"I'll feed the next starved dog handsomely, shelter for a week the first wandering cat I meet, even put my shoulder to the next over-loaded cart of coal or iron I see. I'll listen for two hours to 'David Bell.' I'll do any deed of mercy laid upon me that I am fit for, if you spare my back while editor of Good Words. In the name of every hard-used brute, lay or clerical, animal or spiritual, I crave your mercy.

"Yours in trouble."

In answer to Colonel Dreghorn's repeated request:—


"Absence in Edinburgh along with the off-putting of the flesh, has prevented me from replying to your note. I shall honestly try to be with you if possible before the meeting is over to say a few good words for my brother donkeys, and all animals who like myself are too severely handled and cudgelled by the public. In such suffering you will, I know, sympathise."

To Mrs. Macleod:—

"Monaltrie, September 9, 1861.

"Dear kind Mrs. Fuller Maitland drove me to Crathie on Saturday. The Manse was full, i.e., the minister, with a son and two grown-up daugh ters, a lady from England with grown up son and daughter, a gentleman from Edinburgh, and myself. How were they put up? The walls know. I don't. But as I always say, no Manse was ever so full, but that (like a bus) one more could be taken in. I preached—by no means comfortably to myself. I could not remember one sentence (literally) and had to trust to the moment for expression. Lord John Russell there. But the Queen was most cordial in her thanks for the comfort I gave her, and commanded me to return next year. So I must indulge the hope that it was blessed far more than I could believe, judging from my own feeling. I preached in the evening for Anderson. I dined at the Castle, and spent really a charming evening. I had a long walk with Lady Augusta Bruce during the interval, and learned much from her about the death of that noble, loving woman, the Duchess of Kent, and of the Queen's grief. She was a most God-fearing woman. I have been presented By the Queen with a delightful volume of hymns which her mother was fond of. The Queen's distress was deep and very bitter, but in every respect such as a daughter ought to feel. The suddenness—unexpected by even Sir J. Clarke—of course shocked her. At dinner were present Princess Alice and her fiance, Prince Louis of Hesse, Princess Hohenlohe, the Queen's half-sister—an admirable woman. I sat beside Prince Alfred, a fine, gentlemanly sailor. We had lots of talk. After dinner I had a most interesting conversation, about half an hour, with the Prince Consort, and a good long one with the Queen. In short it was a most agreeable evening."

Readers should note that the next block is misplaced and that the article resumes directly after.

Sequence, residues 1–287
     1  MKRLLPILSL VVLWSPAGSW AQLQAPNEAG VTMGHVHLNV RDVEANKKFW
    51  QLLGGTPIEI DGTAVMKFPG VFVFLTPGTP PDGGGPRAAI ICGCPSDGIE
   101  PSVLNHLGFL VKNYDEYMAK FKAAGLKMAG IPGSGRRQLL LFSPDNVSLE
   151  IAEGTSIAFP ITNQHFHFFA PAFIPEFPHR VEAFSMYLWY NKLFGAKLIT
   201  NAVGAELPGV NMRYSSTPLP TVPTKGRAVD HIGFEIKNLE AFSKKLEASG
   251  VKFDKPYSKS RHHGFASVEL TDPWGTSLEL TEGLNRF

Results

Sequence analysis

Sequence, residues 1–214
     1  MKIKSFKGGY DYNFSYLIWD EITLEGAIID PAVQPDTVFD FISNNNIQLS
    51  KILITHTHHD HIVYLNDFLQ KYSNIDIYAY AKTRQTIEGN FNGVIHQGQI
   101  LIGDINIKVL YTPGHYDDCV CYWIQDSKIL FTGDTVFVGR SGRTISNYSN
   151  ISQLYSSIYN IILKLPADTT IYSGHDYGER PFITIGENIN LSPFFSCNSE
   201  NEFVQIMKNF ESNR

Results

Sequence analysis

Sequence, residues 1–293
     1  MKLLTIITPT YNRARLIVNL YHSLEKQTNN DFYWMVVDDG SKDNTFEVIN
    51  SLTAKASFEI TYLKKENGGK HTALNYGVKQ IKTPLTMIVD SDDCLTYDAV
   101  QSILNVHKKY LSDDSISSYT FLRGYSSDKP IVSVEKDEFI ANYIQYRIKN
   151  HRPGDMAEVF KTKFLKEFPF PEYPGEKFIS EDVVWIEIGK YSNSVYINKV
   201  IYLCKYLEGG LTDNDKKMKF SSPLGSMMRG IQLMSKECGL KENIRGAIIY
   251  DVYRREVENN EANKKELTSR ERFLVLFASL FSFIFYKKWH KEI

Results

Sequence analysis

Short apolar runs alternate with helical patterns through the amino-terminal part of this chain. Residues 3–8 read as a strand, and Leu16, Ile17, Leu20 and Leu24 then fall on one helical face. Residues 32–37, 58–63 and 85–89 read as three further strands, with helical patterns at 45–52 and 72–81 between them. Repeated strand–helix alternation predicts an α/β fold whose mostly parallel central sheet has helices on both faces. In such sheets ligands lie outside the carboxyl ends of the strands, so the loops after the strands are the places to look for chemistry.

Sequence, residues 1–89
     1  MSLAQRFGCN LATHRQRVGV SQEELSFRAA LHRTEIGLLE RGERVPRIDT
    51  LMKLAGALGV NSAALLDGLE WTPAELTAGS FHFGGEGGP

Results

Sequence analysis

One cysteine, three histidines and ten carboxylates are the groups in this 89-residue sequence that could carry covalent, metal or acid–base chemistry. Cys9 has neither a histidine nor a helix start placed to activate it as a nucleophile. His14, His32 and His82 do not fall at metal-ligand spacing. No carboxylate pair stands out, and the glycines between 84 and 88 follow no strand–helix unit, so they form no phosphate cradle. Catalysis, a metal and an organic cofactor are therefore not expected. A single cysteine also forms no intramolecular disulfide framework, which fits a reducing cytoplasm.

From his Journal:—

"Last night of 1861.—The happiest time I have had yet at Balmoral was this last with the dear good Prince, whom I truly mourn.

"The death! What an event for the nation! I have received a letter from Lady Augusta Bruce, which is very delightful, although sad."